Kinsearching January 13, 2008




Marleta Childs
P. O. Box 6825
LUBBOCK, TX 79493-6825

     Is learning how to trace your family tree one of your New Year's resolutions? Did any of your forebears reside in Indiana? If you need a manual about research in both of these areas, you will find helpful data in WHO'S YOUR HOOSIER ANCESTOR? GENEALOGY FOR BEGINNERS by Mona Robinson.

     Because genealogy and history are intertwined, Robinson sets the study of Indiana's genealogical records in their historical context as she describes them, explains their value and use, and tells how and where to locate them. She begins with a detailed description of the state's geography, which gives genealogists an understanding of how the land affected the way their ancestors lived in different parts of Indiana. Her chapters dealing with the state's early Indians, boundary changes, and emigrant trails further enhance researchers' perception of why their predecessors lived as they did and of the opportunities and obstacles they faced. Another chapter discusses the multiplicity of peoples who settled in Indiana, from the French in the early 1700s to Mexicans and African-Americans in the twentieth century.

     The other chapters provide interesting information on the assortment of materials important in family research, such as military records. In addition to material about well-known wars like the American Revolution, Robinson furnishes data about the Black Hawk War of 1832 and battles like Tippecanoe.

     Besides supplying facts about cemetery records and the major churches, the author depicts such denominations as Mennonite, German Baptist Brethren, and Disciples of Christ (known as the Christian Church). Her brief descriptions of basic beliefs of religious affiliations, particularly the smaller ones, give genealogists insight into the spiritual life of their Indiana forebears.

     Chapters also concern county records, censuses, and county histories and miscellaneous resources. Scattered throughout the text are many helpful research hints. Under the topic of telephone directories, for example, Robinson states that only the affluent could afford phones when they first became available; researchers may be able to use that fact to distinguish between individuals with the same name who lived in a particular town in a specific year.

     Written in a scholarly but readable manner, Robinson's book contains much beneficial and fascinating material for the advanced genealogical researcher--especially one who has a deep interest in history, too. Persons just starting family research, however, may be wise to read Chapter 11, which explains basic genealogical principles, before delving into the detailed accounts of various resources and trying to apply the records to the research process.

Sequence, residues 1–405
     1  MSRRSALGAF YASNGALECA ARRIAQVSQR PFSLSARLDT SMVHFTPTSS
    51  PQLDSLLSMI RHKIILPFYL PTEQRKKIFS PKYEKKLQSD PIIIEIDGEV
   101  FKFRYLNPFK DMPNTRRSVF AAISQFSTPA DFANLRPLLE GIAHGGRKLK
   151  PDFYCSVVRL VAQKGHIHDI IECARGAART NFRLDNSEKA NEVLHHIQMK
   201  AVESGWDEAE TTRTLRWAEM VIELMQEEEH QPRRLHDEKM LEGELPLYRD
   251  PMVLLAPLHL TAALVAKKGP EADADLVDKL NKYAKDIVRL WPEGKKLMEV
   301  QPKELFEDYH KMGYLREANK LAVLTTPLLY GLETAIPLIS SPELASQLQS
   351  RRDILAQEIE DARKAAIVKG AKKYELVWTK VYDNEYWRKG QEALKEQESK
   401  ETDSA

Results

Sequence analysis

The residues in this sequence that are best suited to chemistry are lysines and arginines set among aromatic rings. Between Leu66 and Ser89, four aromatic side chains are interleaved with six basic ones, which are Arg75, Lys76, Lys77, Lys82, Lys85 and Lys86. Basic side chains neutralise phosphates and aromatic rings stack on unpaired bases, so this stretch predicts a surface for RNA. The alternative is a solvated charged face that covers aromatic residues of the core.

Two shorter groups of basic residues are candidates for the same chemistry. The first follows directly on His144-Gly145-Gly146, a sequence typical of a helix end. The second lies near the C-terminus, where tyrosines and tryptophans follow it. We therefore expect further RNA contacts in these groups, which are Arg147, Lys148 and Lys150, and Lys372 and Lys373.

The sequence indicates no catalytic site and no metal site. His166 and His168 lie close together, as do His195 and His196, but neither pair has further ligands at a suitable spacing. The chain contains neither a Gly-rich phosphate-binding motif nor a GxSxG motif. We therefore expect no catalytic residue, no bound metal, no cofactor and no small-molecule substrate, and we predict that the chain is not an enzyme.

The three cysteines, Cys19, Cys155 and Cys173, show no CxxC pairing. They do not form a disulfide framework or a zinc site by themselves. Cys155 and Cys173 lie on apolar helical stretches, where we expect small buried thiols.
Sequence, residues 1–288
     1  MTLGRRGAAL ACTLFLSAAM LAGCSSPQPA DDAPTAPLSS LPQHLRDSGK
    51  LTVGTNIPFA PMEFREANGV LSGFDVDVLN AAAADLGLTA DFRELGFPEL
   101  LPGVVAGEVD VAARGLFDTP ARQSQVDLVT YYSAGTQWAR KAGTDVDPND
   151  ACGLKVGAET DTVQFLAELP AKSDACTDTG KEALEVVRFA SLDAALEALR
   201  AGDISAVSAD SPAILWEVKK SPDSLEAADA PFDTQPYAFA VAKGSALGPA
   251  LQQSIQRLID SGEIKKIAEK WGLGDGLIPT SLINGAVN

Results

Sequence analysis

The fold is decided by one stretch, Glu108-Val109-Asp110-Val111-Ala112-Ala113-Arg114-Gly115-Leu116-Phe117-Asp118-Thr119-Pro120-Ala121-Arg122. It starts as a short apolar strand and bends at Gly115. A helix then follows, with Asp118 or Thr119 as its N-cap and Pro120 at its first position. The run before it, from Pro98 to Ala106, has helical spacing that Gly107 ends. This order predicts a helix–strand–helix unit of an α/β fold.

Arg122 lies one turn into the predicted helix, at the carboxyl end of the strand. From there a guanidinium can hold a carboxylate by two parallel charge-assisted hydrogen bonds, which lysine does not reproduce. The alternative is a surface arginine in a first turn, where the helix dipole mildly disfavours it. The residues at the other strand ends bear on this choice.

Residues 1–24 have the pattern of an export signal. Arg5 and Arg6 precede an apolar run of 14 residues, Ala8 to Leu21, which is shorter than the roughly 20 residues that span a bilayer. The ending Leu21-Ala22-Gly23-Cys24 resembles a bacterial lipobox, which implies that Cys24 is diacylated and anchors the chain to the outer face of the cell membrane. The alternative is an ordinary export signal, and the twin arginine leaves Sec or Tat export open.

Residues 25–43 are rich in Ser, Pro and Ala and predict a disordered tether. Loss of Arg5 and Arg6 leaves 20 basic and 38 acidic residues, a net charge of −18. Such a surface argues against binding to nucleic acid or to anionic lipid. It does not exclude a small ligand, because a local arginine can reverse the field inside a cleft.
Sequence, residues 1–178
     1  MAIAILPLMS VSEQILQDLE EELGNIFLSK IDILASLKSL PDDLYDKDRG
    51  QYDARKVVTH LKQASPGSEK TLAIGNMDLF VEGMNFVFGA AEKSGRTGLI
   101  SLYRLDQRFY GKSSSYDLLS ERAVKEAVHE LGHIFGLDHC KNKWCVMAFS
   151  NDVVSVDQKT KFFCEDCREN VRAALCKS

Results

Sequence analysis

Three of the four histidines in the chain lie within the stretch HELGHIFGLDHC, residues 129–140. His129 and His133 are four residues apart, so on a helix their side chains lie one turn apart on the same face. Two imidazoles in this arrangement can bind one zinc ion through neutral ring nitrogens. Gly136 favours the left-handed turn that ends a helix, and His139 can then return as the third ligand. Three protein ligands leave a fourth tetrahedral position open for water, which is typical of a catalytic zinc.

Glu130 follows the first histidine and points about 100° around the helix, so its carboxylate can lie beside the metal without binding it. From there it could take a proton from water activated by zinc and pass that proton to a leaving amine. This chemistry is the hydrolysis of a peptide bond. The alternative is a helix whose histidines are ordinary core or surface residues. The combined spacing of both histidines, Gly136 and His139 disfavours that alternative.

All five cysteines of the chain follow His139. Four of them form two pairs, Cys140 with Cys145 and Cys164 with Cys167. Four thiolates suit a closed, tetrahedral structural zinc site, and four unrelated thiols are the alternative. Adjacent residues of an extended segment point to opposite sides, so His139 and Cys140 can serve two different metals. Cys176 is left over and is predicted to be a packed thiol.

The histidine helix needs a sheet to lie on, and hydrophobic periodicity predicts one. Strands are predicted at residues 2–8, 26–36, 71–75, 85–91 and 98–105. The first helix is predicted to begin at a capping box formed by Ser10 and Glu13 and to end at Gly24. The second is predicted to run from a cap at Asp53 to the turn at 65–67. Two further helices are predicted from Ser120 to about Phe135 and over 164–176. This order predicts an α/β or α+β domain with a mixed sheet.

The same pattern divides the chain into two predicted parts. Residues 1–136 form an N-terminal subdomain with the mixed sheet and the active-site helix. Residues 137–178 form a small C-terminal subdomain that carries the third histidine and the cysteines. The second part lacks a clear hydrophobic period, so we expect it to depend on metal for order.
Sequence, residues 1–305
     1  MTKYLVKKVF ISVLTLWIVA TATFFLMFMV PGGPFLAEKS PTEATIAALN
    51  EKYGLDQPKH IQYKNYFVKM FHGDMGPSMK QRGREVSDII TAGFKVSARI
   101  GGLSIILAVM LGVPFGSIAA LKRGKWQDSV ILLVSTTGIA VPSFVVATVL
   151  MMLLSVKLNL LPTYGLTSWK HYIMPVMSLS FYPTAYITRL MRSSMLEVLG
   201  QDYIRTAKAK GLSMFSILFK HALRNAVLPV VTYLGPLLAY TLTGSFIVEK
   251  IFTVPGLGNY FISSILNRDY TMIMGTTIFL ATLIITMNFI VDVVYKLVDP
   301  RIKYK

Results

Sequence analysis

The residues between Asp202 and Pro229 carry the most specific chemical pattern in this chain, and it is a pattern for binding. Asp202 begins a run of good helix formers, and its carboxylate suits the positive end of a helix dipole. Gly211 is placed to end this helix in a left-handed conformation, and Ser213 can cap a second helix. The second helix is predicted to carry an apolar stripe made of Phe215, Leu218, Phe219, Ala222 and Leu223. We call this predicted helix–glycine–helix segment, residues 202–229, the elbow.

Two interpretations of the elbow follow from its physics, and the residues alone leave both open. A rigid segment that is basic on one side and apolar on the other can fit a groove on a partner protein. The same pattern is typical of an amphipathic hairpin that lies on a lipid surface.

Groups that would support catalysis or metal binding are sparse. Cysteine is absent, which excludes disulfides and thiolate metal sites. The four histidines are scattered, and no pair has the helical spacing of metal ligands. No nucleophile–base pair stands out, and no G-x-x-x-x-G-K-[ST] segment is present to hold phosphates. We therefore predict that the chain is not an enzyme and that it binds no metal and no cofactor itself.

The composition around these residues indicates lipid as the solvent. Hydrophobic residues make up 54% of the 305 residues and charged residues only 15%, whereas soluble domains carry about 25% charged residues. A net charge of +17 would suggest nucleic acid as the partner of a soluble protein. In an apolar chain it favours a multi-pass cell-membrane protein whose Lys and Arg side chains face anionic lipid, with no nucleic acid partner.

Accompanying the text are several useful state maps, illustrations, and reproductions of documents. The volume also has a preface, end notes for documentation, a bibliography, and a list of works for suggested reading.

     Since the book was first published in 1992, it has not been updated to reflect the transformation in family research caused by the computer age. Perhaps the next edition will correct the oversight. Despite this drawback, the publication contains a wealth of historical material and basic research principles. For these reasons, WHO'S YOUR HOOSIER ANCESTOR? GENEALOGY FOR BEGINNERS continues to be a useful reference book.

     The 215-page paperback is indexed. To the price of $24.95, purchasers should add $5.00 shipping and handling charges for one copy and $1.00 for each additional copy. The volume may be purchased from Indiana University Press, 601 North Morton Street, Bloomington, IN 47404-3797 (toll free orders 800-842-6796; e-mail

     Charles N. Ferguson, 811 South Market, Shawnee, OK 74801 is seeking information about this family who lived in Tarrant Co., TX, in 1880. Thomas Garner BIRDWELL, born in 1815 in Alabama and died after 1870 in Texas, married Rebecca E. LIPSEY, born in 1838 and died after 1880 in Texas. Their children were

Rebecca J., born in 1863 and died in 1934;
Lyda D., born in 1867 and died in 1957;
Thomas Almarine, born in 1865;
George W., born in 1871 and died in 1889 in Oklahoma;
and Cora BIRDWELL, born in 1873 in Texas.

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